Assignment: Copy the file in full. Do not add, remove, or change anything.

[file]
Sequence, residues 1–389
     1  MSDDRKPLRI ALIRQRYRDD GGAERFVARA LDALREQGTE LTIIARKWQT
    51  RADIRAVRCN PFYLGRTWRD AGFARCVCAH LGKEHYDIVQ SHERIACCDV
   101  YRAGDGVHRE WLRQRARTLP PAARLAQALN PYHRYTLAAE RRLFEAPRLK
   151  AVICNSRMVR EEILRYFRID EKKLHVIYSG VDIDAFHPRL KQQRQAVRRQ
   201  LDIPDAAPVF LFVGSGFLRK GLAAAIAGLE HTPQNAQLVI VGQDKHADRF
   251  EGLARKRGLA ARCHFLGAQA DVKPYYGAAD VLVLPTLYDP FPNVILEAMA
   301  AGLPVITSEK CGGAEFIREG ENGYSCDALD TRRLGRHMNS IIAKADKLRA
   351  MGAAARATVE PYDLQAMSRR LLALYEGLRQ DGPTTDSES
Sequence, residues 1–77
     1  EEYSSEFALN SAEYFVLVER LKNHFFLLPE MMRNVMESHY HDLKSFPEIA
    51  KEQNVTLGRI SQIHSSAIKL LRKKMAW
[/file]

Sequence, residues 1–389
     1  MSDDRKPLRI ALIRQRYRDD GGAERFVARA LDALREQGTE LTIIARKWQT
    51  RADIRAVRCN PFYLGRTWRD AGFARCVCAH LGKEHYDIVQ SHERIACCDV
   101  YRAGDGVHRE WLRQRARTLP PAARLAQALN PYHRYTLAAE RRLFEAPRLK
   151  AVICNSRMVR EEILRYFRID EKKLHVIYSG VDIDAFHPRL KQQRQAVRRQ
   201  LDIPDAAPVF LFVGSGFLRK GLAAAIAGLE HTPQNAQLVI VGQDKHADRF
   251  EGLARKRGLA ARCHFLGAQA DVKPYYGAAD VLVLPTLYDP FPNVILEAMA
   301  AGLPVITSEK CGGAEFIREG ENGYSCDALD TRRLGRHMNS IIAKADKLRA
   351  MGAAARATVE PYDLQAMSRR LLALYEGLRQ DGPTTDSES
Sequence, residues 1–77
     1  EEYSSEFALN SAEYFVLVER LKNHFFLLPE MMRNVMESHY HDLKSFPEIA
    51  KEQNVTLGRI SQIHSSAIKL LRKKMAW